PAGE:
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I’m very worried about my friends

As darkness descends on Kibera, a slum in the Kenyan capital of Nairobi, two groups of boys battle for victory on an unmarked dirt soccer pitch. The light is fading so quickly that the 15-year-old goalkeeper, Kennedy Arinda, has to squint into the gloom to protect his goal, which is framed by two upright twigs. The scores are level at 1-all and, despite the deepening shadows, not one of the young footballers wants to stop playing before he has scored the winning goal.

When the referee finally blows his whistle to signal the end of the game, the exhausted boys groan in unison and head for the sidelines. Now that the fun is over, Arinda and his helpers from the Kibera Community Self-Help Programme (KICOSHEP), a local non-governmental organization supported by UNICEF, are gently corralling everyone together for a serious chat about girls, relationships, sex and AIDS. KICOSHEP, in addition to supporting some 500 Kenyan children orphaned by AIDS, helps young volunteers like Arinda in their efforts to raise awareness about the spread and prevention of HIV, the virus that causes AIDS.

Tonight’s conversation is about safe sex. For Kennedy Arinda, it’s personal.

Arinda’s father died of AIDS in 1995, followed by his mother a year later. After a month of fending for themselves, the young man and his four siblings moved in with their maternal grandmother, 62-year-old Diana Vugutsa, who lost four daughters to AIDS and now receives financial support from KICOSHEP to help her look after her 13 orphaned grandchildren. They all live together in a mud hut measuring 10 feet by 10 feet.

“The biggest problem is ignorance,” said the young man. “If we can just gather them together like this to teach them about HIV and AIDS, then there is a chance they can be saved. Some listen to us. Others don’t — one day they might regret it.”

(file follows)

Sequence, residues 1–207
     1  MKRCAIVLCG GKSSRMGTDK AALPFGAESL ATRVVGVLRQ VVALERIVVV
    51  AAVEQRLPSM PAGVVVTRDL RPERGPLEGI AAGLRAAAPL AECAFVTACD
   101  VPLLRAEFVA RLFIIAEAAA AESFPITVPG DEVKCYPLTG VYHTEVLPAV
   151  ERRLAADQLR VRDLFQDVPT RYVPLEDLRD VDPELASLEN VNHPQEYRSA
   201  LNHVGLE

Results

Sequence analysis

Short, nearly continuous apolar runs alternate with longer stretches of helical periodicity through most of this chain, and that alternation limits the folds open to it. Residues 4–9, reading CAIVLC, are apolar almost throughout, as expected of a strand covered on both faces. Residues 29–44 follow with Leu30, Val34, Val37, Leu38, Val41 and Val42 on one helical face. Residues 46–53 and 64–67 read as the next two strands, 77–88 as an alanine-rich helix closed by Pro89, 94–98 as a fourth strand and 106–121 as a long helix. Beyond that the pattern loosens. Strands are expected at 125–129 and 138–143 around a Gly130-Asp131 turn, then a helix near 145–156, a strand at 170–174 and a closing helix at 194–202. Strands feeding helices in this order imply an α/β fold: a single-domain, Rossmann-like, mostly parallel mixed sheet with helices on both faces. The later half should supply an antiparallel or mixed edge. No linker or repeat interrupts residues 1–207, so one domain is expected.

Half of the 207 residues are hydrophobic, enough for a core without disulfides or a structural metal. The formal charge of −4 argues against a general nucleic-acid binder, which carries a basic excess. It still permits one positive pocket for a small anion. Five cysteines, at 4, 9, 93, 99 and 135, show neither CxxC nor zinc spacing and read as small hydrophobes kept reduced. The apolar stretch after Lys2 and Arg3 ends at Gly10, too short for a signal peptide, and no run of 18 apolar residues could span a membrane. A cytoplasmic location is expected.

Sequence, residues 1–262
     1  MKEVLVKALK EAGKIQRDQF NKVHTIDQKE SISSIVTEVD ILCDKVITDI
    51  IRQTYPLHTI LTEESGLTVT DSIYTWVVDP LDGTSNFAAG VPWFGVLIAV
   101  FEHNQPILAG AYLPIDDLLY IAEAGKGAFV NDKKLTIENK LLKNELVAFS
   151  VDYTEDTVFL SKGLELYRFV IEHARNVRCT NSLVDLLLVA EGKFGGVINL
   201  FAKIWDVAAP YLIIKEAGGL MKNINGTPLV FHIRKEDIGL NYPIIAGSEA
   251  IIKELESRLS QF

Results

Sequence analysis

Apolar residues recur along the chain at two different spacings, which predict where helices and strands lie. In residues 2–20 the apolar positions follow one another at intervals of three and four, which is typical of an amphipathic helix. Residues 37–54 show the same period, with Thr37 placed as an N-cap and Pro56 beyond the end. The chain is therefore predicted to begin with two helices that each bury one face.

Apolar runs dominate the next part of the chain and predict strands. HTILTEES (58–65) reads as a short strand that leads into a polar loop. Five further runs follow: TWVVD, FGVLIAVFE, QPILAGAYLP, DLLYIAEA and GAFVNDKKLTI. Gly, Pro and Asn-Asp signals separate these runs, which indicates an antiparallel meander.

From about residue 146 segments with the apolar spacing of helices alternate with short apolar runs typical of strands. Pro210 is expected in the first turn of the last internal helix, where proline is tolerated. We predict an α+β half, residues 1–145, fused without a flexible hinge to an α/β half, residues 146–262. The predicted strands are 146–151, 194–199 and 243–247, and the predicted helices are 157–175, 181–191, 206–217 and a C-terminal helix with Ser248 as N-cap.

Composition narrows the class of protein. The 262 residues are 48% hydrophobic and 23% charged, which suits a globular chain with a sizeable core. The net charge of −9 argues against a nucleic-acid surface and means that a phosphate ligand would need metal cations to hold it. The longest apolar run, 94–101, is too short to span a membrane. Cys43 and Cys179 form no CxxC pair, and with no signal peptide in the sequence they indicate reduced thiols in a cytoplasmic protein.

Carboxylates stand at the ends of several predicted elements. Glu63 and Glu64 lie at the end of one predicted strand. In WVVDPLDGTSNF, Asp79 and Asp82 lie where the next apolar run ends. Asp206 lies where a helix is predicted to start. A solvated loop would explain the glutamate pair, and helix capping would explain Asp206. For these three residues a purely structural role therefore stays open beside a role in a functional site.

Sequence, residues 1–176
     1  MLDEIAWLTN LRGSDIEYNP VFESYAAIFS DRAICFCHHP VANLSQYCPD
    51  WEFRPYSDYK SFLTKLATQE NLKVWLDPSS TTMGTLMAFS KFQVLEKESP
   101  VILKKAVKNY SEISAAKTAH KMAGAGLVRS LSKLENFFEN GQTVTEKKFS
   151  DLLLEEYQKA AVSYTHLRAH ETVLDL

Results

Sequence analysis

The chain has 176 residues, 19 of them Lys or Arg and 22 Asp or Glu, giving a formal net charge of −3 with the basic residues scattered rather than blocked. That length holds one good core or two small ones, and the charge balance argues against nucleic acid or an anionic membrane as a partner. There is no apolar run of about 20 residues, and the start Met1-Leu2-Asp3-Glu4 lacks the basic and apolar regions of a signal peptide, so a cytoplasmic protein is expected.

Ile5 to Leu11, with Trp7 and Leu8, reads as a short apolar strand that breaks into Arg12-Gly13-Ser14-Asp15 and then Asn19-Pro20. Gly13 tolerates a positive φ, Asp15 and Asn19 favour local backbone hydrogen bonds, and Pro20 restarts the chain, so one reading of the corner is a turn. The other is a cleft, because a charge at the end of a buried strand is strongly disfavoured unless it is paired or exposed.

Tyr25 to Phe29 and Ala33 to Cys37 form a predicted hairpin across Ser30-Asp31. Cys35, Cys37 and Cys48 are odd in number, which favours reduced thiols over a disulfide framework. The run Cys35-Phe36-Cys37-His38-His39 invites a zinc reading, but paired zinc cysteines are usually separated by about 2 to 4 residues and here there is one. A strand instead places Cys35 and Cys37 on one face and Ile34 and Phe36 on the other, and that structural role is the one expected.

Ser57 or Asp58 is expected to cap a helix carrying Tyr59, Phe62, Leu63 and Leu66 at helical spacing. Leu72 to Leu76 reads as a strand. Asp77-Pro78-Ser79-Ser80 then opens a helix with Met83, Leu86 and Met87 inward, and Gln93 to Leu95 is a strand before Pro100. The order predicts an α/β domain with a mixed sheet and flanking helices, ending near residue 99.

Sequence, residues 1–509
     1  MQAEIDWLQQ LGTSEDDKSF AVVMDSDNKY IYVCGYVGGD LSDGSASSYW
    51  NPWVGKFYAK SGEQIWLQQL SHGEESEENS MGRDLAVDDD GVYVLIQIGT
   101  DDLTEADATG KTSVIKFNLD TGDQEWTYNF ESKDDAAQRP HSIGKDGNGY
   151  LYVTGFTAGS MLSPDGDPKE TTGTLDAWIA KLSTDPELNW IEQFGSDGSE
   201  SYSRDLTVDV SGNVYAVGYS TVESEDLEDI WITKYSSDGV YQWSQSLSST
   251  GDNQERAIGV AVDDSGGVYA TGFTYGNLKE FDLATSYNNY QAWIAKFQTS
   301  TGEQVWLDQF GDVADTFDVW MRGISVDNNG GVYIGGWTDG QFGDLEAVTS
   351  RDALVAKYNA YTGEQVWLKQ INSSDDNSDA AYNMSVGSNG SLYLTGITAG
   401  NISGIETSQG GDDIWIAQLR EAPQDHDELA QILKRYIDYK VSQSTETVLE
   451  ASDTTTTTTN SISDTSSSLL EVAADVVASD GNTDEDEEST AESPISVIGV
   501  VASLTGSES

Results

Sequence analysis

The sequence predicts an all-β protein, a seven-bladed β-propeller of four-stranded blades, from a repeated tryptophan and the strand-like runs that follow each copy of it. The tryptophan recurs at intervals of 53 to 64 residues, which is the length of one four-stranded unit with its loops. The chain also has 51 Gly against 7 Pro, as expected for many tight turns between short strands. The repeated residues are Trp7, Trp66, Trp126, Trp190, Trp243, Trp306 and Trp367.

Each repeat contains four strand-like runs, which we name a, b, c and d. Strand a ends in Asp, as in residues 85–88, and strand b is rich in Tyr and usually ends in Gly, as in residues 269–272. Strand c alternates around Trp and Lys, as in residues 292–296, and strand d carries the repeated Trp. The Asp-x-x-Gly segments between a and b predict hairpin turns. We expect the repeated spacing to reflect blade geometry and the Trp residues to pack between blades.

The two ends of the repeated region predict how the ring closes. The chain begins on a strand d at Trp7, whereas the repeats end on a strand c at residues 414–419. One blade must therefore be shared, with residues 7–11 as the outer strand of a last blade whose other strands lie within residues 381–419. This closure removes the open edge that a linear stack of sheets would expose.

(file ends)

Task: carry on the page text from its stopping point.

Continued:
Courage to change

One fifth of the estimated 2.2 million Kenyans living with HIV live in Kibera where there are at least 50,000 children orphaned by AIDS. “I’m very worried about my friends,” says Arinda. “So many of them have two or three girlfriends on the go at any one time. It is so easy for them to get infected.”

In Kibera, young men are largely uneducated and influenced by a highly promiscuous culture. “Boys here start having sex as young as 10 years old,” explains the young counsellor. Educating boys and young men about HIV and AIDS presents one of the biggest challenges in modern day Africa, home to 70 per cent of the people in the world living with HIV. But activists like Arinda, willing to be scoffed at for breaking with the norms, are slowly making progress with their peers.

Having tired them out on the soccer pitch, the team from KICOSHEP engage their peers in a frank dialogue about sexual health. There is laughter and much boasting. Some of the boys tease Arinda for abstaining from premarital sex, but they sit still long enough to listen to the message.

In addition to organizing these soccer matches, Arinda and other volunteers from KICOSHEP perform songs with AIDS-awareness messages. It isn’t hard to attract an audience. There is very little to do in the slum and few of the adults have jobs.

But it’s the children in the audience who matter most to Arinda and his group. Since only about half of the children here get any formal education, these popular street performances offer the vital information that could quell the spread of AIDS.

As night falls, the young soccer players wend their way home through the crowded streets. The air is filled with the sounds of thumping disco music as streams of men cram into makeshift bars for cheap, home-brewed beer and a chance to flirt with prostitutes. Alcohol and casual sex go hand in hand. But Arinda and his mates from KICOSHEP are ready to wage another battle for victory. This time, the arena isn’t the soccer field — it’s the streets of Kibera and the goal is to save lives.

Prepared by UNICEF on behalf of the Global Movement for Children, January 2001.
NOTE TO BROADCASTERS: A four-minute Betacam video about Kennedy Arinda (with English narration) plus a seven-minute B-roll (natural sound) are available.
For details, please visit our Broadcasters' pages.

© UNICEF
Kennedy Arinda (centre), aged 15, and other members of the Kibera Community Self-Help Programme (KICOSHEP) perform AIDS awareness songs to all who will listen in the Kibera area of Nairobi.
Click to view video clip (Real format, 1990 KB)

 

 

The biggest problem is ignorance.... If we can just gather them together like this to teach them about HIV and AIDS, then there is a chance they can be saved. Some listen to us. Others don’t — one day they might regret it.